Marshes will be deemed clean when there is no thick oil left or when officials decide that it’s best to let nature clean up the mess.
The “no visible oil” standard is troubling because one day there’s no visible oil on a stretch of beach and the next, there’s fresh, gooey tar balls and mats littering the sand. Consider this from a Sept. 10, 2011, Mobile Press-Register report by Ben Raines detailing the aftermath of Tropical Storm Lee:
Moist and gooey, like a chocolate chip cookie just pulled from the oven, some of the fresh tarballs had layers of liquid oil inside them. Oil bled from the tarballs sitting in the sun on the beach, collecting in little pools on the sand.
Ed Overton, an oil chemist and professor emeritus at Louisiana State University, said…the new tarballs likely broke off from mats buried underwater and seemed to share the characteristics of fresh tarballs, which he described as “jellybeans” – crusty on the outside with jelly in the center.
State and federal officials, as well as BP crews, have reported finding numerous tar mats offshore of Gulf beaches. In some cases, the mats are more than a foot thick.
With relatively fresh oil laying in thick mats just offshore, we will inevitably see more re-oiling and re-contamination of beaches, particularly after rough weather. The lack of long-term monitoring in the plan, is extremely beneficial to BP and extremely detrimental to the Gulf Coast and its residents. More from the “fresh oil” Press-Register report:
“It sounds like there was a fairly thick lens of oil out there that had not mixed with sediment. We’re going to be seeing this for years,” Overton said. “This is an irritation compared to what we had last year. Last year was a disaster, this is, ‘Oh no! We’ve got to clean up the beaches again.’ But don’t be surprised when this happens again.”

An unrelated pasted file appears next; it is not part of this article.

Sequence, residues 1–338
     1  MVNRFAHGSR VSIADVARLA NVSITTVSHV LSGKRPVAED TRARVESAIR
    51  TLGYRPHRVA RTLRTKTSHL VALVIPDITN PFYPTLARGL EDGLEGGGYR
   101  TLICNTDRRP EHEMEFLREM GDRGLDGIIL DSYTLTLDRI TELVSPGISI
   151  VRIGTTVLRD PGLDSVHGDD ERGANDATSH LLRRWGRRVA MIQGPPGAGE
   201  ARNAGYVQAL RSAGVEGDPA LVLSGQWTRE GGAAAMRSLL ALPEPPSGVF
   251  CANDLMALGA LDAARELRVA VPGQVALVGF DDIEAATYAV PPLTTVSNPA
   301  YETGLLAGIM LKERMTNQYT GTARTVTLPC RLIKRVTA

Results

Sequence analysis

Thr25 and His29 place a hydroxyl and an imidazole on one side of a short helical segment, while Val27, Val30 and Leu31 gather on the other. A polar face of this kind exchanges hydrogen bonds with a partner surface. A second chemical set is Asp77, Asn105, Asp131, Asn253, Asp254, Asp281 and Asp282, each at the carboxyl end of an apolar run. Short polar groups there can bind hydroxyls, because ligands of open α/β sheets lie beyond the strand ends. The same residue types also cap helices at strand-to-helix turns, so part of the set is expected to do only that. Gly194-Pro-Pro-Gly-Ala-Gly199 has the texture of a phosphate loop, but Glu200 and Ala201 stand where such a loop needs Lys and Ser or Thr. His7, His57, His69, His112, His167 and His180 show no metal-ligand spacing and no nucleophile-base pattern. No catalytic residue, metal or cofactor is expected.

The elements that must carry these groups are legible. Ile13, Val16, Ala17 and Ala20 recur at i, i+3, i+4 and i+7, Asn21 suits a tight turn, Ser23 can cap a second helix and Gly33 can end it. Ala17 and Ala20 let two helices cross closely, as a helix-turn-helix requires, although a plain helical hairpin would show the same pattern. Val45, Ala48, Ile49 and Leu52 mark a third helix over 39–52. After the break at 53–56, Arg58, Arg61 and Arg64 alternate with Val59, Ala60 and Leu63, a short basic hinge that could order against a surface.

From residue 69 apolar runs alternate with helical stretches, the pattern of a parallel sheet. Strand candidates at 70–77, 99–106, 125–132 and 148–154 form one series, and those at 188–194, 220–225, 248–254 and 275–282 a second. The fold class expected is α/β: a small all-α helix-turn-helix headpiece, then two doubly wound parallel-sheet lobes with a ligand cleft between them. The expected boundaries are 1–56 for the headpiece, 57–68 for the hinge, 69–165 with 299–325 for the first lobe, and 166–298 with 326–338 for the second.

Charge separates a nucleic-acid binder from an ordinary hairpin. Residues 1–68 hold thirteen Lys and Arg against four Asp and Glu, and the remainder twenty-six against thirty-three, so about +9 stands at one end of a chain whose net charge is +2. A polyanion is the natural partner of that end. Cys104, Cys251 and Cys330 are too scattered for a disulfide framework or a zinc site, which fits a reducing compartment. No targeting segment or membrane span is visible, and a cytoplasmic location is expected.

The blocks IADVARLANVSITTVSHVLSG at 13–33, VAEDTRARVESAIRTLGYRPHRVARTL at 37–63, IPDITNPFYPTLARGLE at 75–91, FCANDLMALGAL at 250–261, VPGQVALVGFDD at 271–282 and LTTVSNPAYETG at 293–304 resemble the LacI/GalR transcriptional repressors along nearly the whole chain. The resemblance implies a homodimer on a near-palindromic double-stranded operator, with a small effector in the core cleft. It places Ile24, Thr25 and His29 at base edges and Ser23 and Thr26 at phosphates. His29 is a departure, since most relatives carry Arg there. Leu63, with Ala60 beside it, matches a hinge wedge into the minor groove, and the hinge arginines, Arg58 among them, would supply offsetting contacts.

In addition, it’s been confirmed that fresh oil continues to rise from the Macondo Prospect, the epicenter of last year’s massive spill. Ed Overton, the same LSU oil chemist cited above, conducted rigorous fingerprint testing on samples taken from a slick floating above the Macondo Prospect in late September. “It is a dead-ringer match,” Professor Overton said. “I was amazed that the ratios matched as good as they did.”
To make matters worse, we received lab-certified test results on Oct. 28 that suggest fresh Macondo oil is making landfall on Horn Island, more than 100 miles from the source. Consider this from my Nov. 2 post:
According to civil engineer Marco Kaltofen, another member of my team:
This lab report provides more evidence that the Macondo Prospect is still leaking. The data show that the Horn Island sample taken September 20th contains lighter hydrocarbons that normally degrade quickly. This oil looks like the original BP oil fingerprint from last summer. It’s very fresh and very toxic.
Mr. Kaltofen believes now is precisely the wrong time to shut down cleanup efforts: “We have fresh, unweathered BP oil washing ashore in Louisiana and Mississippi, we should be increasing our cleanup and surveillance, not quitting.”
As for BP’s assessment of the cleanup, try to stomach this from the AP report:
Edward Owens is a technical adviser for BP and a veteran of the cleanup of the 1989 Exxon Valdez spill in Alaska. He said the Gulf cleanup was in its final stages.
“We call it the polishing stages, where you try to get that nice shine on your car,” he said.
What a crock of you-know-what. Mr. Owens, before you start buffing that car, you should get out to the Louisiana marshes or Horn Island or Grand Isle and see for yourself just how far we are from applying polish. And don’t forget to bring your buddies from the Coast Guard.
Read the AP report in its entirety here: http://www.nola.com/...
Read the Mobile Press-Register’s “fresh oil” report from Ben Raines: http://blog.al.com/...
Read my previous post on BP’s grossly inadequate cleanup plan for Horn Island: http://www.stuarthsmith.com/...
Read my previous post on fresh Macondo oil making landfall on Horn Island: http://www.stuarthsmith.com/...